Saturday, April 28, 2012

National Poetry Month: Hart Crane

"At Melville's Tomb"
(Hart Crane)

Often beneath the wave, wide from this ledge
The dice of drowned men’s bones he saw bequeath
An embassy. Their numbers as he watched,
Beat on the dusty shore and were obscured.

And wrecks passed without sound of bells,
The calyx of death’s bounty giving back
A scattered chapter, livid hieroglyph,
The portent wound in corridors of shells.

Then in the circuit calm of one vast coil,
Its lashings charmed and malice reconciled,
Frosted eyes there were that lifted altars;
And silent answers crept across the stars.

Compass, quadrant and sextant contrive
No farther tides ... High in the azure steeps
Monody shall not wake the mariner.
This fabulous shadow only the sea keeps.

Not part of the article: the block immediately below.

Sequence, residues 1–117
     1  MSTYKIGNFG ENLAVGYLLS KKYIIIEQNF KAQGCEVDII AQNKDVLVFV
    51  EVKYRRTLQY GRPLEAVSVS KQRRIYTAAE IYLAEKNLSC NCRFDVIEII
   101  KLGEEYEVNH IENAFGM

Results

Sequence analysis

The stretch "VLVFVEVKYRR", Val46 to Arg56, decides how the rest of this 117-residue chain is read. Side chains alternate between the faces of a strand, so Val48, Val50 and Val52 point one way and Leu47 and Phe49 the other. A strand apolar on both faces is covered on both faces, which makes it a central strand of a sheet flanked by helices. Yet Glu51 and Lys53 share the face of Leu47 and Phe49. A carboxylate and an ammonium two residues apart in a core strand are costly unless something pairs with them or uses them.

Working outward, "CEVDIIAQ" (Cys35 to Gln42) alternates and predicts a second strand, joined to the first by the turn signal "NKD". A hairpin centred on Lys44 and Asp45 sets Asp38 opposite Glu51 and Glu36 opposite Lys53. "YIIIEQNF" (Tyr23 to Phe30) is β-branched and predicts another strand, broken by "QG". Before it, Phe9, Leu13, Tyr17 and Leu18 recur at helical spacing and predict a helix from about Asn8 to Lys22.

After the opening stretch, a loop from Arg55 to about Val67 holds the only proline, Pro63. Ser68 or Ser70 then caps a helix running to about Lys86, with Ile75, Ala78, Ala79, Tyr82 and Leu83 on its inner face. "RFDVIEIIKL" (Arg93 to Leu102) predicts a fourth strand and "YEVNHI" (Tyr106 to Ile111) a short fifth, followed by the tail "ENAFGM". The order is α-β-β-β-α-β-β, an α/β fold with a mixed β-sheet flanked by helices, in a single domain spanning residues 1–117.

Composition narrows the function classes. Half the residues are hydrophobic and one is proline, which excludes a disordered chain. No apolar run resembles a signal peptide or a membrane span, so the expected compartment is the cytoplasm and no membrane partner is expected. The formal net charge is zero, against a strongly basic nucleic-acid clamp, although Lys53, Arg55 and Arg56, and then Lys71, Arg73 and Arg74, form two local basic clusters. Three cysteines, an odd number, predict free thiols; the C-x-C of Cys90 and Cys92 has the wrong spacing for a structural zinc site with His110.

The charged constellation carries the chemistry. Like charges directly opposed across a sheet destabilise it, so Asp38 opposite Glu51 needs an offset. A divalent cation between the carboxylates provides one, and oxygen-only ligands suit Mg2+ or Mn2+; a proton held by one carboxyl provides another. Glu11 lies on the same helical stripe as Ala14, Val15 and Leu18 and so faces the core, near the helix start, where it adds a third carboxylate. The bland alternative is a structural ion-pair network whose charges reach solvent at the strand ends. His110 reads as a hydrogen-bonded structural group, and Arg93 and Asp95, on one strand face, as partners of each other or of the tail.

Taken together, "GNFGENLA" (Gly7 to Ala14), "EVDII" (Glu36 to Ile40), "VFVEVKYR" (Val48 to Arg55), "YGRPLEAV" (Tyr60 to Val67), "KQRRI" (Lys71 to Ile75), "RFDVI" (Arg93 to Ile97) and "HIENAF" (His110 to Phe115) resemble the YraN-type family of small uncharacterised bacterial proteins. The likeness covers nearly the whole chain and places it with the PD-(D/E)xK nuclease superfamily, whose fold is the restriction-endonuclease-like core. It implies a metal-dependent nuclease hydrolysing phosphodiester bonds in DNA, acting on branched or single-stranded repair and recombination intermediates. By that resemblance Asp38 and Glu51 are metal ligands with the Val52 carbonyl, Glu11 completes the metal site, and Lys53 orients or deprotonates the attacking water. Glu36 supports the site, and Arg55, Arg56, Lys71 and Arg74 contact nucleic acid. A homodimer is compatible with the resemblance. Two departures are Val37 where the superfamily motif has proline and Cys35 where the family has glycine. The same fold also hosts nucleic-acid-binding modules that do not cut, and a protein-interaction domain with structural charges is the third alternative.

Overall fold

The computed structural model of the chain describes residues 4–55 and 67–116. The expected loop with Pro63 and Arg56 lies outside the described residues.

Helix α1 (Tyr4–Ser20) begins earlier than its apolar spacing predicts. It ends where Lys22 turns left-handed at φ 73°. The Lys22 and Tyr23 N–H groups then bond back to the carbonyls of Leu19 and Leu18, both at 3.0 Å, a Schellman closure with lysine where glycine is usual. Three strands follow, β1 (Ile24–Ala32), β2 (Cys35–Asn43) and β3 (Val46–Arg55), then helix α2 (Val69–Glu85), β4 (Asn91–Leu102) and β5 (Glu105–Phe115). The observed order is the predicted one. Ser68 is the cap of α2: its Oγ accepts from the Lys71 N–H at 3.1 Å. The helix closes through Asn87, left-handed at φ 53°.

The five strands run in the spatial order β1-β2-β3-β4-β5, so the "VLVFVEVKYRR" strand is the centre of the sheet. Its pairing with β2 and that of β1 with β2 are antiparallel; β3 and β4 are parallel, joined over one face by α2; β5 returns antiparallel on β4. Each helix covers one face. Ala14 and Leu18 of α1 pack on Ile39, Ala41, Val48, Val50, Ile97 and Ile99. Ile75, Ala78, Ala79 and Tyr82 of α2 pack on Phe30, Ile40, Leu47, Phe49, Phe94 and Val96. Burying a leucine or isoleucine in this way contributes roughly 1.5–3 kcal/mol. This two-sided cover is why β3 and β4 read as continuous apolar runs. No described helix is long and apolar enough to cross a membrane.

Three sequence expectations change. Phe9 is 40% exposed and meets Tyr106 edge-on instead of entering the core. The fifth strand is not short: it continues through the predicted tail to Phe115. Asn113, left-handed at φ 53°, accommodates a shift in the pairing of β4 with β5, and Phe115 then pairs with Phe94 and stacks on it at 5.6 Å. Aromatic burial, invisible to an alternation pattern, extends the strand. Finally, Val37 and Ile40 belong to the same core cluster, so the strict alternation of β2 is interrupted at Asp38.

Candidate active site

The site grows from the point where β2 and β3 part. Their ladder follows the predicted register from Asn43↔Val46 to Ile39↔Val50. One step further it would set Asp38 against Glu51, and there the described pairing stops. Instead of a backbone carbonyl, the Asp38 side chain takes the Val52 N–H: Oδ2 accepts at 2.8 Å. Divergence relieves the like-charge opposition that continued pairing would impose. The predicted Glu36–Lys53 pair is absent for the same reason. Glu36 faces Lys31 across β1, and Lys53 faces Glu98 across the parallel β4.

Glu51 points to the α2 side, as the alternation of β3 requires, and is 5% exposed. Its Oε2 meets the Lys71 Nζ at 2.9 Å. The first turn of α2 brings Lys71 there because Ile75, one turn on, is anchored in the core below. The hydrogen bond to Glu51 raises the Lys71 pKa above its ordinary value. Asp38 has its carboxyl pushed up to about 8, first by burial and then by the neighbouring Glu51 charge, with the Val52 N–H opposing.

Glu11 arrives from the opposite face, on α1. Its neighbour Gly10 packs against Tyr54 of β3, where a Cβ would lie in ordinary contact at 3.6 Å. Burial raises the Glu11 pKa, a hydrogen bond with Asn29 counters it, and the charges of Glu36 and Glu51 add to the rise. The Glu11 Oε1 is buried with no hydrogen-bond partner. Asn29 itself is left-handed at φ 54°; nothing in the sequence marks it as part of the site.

HART CRANE (1899-1932) is perhaps the most mysterious figure of 20th Century American  poetry, and consequently one of its most Romantic. He admired Whitman and Emerson's work to such an extent that his own poem, "The Bridge," was an attempt to express the American experience in its entirety. His biography at Poetry magazine comments drily that "His failure in this attempt, as many critics noted, was rather to be expected." His first collection, White Buildings, was published in 1926, but a series of personal and family setbacks, including a fading gay relationship, soon plunged him into alcoholism, severe depression, and a fear that his talent had vanished -- not helped by his prodigious drinking bouts. He killed himself by leaping into the Gulf of Mexico from shipboard on April 28, 1932, after climbing up on the rail, waving, and reportedly exclaiming "Goodbye, everyone!" Allen Tate wrote in Essays of Four Decades, "Crane was one of those men whom every age seems to select as the spokesman of its spiritual life; they give the age away'."   "At Melville's Tomb" originally appeared in Poetry magazine in 1926.

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